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Barriers to Cancer Development
by Yoshiaki Ito

ancer is a disease of the old. Before cancer becomes symptomatic, it is believed that there usually exist a long latency period, often about 20-30 years. In other words, the initial trigger that induces cancer development occurs many years before the actual development of cancer. It is well known that the treatment of cancer is an uphill task. Many major pharmaceutical companies are spending huge amounts of money, yet the development of a successful anti-cancer drug is very rare. So there is something that we must think about. If cancer develops years after the initial trigger, then we would in theory have a long period within which we can try to catch the signs of future cancer development while the patients are still healthy. Developing methods to detect early stages of cancer and to be able to halt further progression of the cancer before overt cancer develops would be perhaps ideal ways to control cancer. Therefore, it is important to study early stage of cancer development.

We have been studying the gene called RUNX3 and its involvement in human cancer for some time. As will be discussed below, RUNX3 might be one of the genes that may contribute to early diagnosis.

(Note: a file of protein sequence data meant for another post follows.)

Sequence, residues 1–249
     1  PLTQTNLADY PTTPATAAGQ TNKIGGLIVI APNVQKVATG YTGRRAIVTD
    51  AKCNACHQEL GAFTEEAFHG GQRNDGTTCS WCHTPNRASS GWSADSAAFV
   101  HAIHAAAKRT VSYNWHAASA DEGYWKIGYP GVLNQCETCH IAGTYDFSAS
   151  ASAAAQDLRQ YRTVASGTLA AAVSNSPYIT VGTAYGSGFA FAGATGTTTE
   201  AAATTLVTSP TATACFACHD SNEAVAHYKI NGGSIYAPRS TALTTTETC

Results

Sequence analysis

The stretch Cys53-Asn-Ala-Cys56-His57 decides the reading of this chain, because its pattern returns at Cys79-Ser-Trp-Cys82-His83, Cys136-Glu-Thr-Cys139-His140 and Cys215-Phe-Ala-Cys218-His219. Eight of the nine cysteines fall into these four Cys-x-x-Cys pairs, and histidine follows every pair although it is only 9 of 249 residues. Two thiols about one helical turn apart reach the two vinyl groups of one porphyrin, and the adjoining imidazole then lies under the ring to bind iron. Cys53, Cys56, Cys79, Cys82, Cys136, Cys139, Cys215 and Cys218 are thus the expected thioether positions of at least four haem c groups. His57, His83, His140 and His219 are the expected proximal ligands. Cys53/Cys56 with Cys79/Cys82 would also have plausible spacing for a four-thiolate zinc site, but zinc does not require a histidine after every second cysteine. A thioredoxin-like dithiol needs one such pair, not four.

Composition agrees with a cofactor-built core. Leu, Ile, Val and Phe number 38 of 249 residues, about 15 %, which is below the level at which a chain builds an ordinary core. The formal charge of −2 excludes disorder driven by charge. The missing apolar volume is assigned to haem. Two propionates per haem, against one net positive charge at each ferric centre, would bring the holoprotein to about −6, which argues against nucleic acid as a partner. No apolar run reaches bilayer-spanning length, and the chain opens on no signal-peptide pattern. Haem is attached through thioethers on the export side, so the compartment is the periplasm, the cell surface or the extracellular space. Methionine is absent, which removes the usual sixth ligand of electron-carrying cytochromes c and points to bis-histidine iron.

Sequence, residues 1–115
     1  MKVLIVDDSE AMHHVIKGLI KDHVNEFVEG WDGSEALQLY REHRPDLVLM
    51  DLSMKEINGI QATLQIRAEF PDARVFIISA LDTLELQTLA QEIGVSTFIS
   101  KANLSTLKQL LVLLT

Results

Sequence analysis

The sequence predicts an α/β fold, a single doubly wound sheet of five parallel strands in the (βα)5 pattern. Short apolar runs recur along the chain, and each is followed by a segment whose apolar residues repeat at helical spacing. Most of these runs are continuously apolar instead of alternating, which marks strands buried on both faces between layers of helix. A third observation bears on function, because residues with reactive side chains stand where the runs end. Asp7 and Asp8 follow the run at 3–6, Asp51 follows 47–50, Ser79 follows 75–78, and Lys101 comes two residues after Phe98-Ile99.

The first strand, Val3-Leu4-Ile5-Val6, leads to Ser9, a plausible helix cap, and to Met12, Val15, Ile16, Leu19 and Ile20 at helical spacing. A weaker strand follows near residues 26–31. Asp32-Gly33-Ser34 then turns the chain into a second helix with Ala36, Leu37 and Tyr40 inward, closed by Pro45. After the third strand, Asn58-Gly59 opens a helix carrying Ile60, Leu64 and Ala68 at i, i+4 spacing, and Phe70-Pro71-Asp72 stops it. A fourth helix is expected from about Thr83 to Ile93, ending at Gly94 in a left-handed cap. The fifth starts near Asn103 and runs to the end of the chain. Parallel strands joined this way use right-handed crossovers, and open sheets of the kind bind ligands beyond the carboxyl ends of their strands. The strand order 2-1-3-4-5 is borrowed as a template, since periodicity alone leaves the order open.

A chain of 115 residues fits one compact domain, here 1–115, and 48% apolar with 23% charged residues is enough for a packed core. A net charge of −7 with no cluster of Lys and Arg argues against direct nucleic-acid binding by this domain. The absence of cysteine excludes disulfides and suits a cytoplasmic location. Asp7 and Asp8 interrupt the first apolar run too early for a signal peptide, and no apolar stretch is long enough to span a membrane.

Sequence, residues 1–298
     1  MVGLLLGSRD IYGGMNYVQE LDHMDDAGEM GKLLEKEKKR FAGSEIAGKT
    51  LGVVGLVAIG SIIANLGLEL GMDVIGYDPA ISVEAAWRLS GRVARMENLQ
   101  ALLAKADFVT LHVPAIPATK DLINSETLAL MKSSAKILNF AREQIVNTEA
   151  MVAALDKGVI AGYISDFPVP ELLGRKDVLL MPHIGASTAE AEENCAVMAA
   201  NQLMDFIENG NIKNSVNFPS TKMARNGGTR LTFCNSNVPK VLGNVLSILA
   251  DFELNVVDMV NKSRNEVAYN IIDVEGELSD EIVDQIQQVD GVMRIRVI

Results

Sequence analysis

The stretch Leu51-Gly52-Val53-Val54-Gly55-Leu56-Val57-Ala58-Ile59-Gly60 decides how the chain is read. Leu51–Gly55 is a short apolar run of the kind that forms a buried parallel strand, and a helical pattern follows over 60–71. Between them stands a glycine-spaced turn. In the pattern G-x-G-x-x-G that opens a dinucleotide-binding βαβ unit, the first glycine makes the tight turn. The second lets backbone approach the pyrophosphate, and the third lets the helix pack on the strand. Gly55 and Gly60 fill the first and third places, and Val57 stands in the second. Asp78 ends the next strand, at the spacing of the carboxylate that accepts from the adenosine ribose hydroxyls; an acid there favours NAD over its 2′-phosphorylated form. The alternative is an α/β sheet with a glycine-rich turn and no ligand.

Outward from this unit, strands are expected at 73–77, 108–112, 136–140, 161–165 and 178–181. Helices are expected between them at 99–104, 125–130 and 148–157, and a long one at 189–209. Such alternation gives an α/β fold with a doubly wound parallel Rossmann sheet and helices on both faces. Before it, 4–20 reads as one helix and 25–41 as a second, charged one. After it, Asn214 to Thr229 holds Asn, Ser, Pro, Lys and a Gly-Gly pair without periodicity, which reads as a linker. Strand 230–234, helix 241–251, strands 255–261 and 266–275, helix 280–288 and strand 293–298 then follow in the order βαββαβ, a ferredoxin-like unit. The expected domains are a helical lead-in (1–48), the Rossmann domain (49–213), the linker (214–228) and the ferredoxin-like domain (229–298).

RUNX gene is a mammalian homolog of Drosophila segmentation gene, Runt. The cDNA sequence of Runt was described first by Peter Gergen. Then Misao Ohki identified AML1 gene on chromosome 21 that is involved in chromosomal translocation, t(8;21), which is the most frequently observed chromosome translocation in acute myeloid leukemia. We were studying transcription factors that regulate gene expression of polyomavirus in developmentally regulated fashion. One of them was polyomavirus enhancer binding protein 2 (PEBP2). Nancy Speck identified a transcription factor called Core Binding Factor (CBF) that regulates retrovirus gene expression. PEBP2 and CBF turned out to be identical and they are heterodimeric transcription factors. The cDNA sequences of Runt, AML1 and DNA binding subunit of PEBP2 and CBF are highly related and we now call them as the RUNX family. From the sequence comparison, it was clear that the gene family is a developmental regulator, involved in human cancer and functions as a transcription factor (Figure1). There are three mammalian RUNX genes, called RUNX1, RUNX2 and RUNX3. These genes are evolutionarily very old and regulate cell specification in development. Developmental regulation and cancer are two different sides of the same coin. We are interested in studying these genes, since our primary interest is to uncover the mechanism by which cancer develops.